“I Called Him Morgan” is a documentary about the life and last days of jazz trumpeter, Lee Morgan. The story is told by Morgan’s musical contemporaries, and through the words of Helen Morgan, his common-law wife, who was also the woman who killed him. The film is important not just because of the salacious details it provides, but also because it paints a picture of a certain era in the United States for jazz musicians, and for black Americans.

Lee Morgan and the 1960s jazz scene

Few eras in United States history are glamorized more than jazz eras—the 1920s, the 1960s. Each had its own style of dress, language, and jazz developments. For those of us removed from those times by decades, we might have access to the music, but we don’t always have details about the people who made the music.

In that sense, “I Called Him Morgan” is remarkable. This could have been a different kind of documentary. However, there is a sense of the filmmaker’s need for the truth. Nothing sounds sugar-coated. The film begins with pictures of Morgan’s albums, and newspaper clippings about him, framed in a way that doesn’t tell the end of the story completely, but audiences get a sense that things didn’t go well with Lee Morgan and his wife.

Lee Morgan was a jazz wunderkind. At 16, he was playing with Dizzy Gillespie, and making a name for himself. It was noted that the band had a “uniform.” The only people exempt from wearing it were Gillespie and Morgan.

Great music from the period fills many of the documentary’s frames. That is another selling point of the work. The music helps to contextualize the life Morgan and his peers were leading. Some interviews are done partly as voiceovers while viewers are shown scenes of New York City at the time.

Often, jazz greats tell the story of Morgan through their interactions with him. They discuss the music part of his life, and what they observed of his personal life. People like Wayne Shorter, Paul West, Charli Presip, Larry Ridley and others, tell stories of Morgan’s interactions with legends like Art Blakey and Ahmad Jamal.

The life of Mrs. Lee Morgan (Helen)

Helen Morgan’s story is told predominately by her adult education teacher and former deejay, Larry Thomas. Once Thomas found out who Helen had been married to, he wanted to interview her, and that is how much of her story survives.

Helen Morgan’s story is its own kind of tragedy. An unwilling mother at 13 and 14 years of age, and a widow at 17, Helen embodied a lack of agency not uncommon for black American women during early- and middle decades of the 20th century. Eventually, she uses her street smarts and natural toughness to make her way to New York City to live the life that she wants. She meets Lee because she had a reputation among neighborhood musicians as a good cook and amiable hostess. By the time she meets Lee, he is falling down on his luck and developing a heroin addiction.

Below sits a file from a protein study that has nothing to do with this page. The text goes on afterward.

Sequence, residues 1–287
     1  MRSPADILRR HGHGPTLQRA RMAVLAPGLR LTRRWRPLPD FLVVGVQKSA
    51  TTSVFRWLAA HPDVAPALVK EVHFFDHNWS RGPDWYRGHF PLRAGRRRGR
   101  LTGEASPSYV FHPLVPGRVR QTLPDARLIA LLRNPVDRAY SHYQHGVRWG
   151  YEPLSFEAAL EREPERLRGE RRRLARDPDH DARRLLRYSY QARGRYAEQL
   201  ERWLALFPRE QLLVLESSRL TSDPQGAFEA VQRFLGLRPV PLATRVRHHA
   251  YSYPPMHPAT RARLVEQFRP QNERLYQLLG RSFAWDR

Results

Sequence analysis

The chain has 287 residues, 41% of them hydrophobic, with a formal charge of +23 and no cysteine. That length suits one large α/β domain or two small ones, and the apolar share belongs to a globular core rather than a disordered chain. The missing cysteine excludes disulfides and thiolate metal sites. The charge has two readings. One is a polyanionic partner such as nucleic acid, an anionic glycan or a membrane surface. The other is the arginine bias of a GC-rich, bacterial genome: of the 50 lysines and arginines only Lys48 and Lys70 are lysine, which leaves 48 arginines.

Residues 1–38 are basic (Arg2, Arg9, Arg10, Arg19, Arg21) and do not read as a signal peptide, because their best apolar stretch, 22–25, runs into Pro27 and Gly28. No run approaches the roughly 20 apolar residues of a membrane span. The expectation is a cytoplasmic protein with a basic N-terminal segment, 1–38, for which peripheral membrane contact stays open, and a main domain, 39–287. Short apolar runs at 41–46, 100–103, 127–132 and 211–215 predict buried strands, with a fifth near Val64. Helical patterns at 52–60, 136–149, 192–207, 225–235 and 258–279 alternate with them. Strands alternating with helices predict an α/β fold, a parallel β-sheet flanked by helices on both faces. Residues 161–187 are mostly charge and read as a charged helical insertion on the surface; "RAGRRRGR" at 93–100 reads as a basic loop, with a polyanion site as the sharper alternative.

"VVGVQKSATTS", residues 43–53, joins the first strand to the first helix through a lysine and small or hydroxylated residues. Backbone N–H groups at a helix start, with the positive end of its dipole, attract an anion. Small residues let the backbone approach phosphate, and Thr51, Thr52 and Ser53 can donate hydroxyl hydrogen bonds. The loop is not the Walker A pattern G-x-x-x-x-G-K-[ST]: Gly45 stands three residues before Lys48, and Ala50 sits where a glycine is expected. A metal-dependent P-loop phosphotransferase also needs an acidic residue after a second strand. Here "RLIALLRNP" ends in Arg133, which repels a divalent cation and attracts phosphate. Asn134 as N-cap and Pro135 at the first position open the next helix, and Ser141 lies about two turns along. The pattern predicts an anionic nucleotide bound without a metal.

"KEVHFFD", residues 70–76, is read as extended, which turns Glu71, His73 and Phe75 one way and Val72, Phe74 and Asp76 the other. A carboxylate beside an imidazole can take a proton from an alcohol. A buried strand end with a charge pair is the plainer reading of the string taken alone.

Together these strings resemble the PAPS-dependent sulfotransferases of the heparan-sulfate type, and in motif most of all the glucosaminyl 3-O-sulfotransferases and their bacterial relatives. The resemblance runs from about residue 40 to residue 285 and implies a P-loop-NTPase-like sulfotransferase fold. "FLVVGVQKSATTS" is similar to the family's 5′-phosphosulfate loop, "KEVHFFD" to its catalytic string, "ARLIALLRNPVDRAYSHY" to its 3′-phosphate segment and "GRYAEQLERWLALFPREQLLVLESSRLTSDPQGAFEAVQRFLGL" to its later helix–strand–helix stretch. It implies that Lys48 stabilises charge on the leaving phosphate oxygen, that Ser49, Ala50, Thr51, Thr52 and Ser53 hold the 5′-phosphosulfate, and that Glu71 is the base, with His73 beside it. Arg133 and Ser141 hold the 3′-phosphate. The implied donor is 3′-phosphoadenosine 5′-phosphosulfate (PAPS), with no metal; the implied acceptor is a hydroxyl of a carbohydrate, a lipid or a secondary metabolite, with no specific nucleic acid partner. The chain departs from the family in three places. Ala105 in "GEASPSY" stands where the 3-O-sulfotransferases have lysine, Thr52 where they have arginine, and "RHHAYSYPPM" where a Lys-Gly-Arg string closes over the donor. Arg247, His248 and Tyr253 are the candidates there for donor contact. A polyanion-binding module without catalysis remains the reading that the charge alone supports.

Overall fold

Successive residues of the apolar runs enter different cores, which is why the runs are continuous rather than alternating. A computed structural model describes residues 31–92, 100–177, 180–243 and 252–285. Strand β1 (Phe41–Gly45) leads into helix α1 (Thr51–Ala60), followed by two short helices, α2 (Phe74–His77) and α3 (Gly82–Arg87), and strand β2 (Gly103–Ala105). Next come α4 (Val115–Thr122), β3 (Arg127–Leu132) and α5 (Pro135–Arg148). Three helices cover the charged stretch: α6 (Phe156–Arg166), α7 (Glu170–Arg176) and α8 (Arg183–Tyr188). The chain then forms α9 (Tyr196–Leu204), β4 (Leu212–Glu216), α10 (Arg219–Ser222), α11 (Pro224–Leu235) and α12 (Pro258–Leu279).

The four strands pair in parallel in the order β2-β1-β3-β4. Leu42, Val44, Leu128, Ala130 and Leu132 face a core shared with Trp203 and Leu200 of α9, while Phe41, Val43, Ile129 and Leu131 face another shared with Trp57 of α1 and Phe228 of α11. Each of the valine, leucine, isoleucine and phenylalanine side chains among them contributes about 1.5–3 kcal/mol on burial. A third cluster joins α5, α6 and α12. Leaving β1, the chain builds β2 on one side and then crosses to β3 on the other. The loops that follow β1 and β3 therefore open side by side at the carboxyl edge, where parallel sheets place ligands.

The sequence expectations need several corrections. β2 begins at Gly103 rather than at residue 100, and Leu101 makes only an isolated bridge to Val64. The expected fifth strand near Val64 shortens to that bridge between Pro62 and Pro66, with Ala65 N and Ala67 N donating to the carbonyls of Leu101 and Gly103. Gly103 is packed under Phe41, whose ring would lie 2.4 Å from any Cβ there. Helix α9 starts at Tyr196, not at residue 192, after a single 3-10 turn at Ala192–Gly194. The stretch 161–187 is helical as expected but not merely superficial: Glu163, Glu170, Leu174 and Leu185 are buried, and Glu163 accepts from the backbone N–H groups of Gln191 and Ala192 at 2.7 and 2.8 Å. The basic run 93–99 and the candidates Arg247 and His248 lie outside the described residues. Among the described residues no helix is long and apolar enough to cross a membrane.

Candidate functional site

One of the children that Helen gave to her grandparents to raise also speaks to Helen’s life experiences. The filmmakers do an admirable job of painting a complete picture of the woman who caused the jazz scene to grieve.

Lee and Helen Morgan: Love and tragedy

Helen was 14 years older than Lee, and when he was too poor to pay for his pawned coat and shoes, it was she who paid his debt. It was also under her care that Lee recovered his career and did an inpatient methadone treatment program.

The details are provided so that audiences get a clear sense of “why” Helen killed Lee–as much as humans are capable of understanding that act.  She was a woman scorned. Maybe she felt unappreciated. Eye-witness testimony (including the other woman herself) reveals that Lee was unfaithful, and Helen found out that fateful night in 1972. A near-historic snowstorm was brewing as Helen and Lee had it out in a club. In that crowded space, Helen shot Lee after he insulted her in front of other people.

“I Called Him Morgan” is fascinating and richly detailed. However, the sad facts of Lee’s life reveal that he peaked early, beat drug addiction, made a comeback, and still died at the age of 33. The truth is, tragedies remain so regardless of the victim’s social standing.

This is a great documentary for anyone interested in jazz, the black American experience, or New York City history.

 

Background Photo: This is an image from the Nationaal Archief, the Dutch National Archives, and Spaarnestad Photo, via Wikimedia Commons.

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Dodie Miller-Gould is a native of Fort Wayne, Indiana. She has BA and MA degrees in English from Indiana University-Purdue University, Fort Wayne, and an MFA in Fiction from Minnesota State University, Mankato. Her research interests include popular music and culture, 1920s jazz, and blues, confessional poetry, and the rhetoric of fiction. She has presented at numerous conferences in rhetoric and composition, and creative writing. Her creative works have appeared in Tenth Muse, Apostrophe, The Flying Island, Scavenger's Newsletter and elsewhere. She has won university-based awards for creative work and literary criticism.

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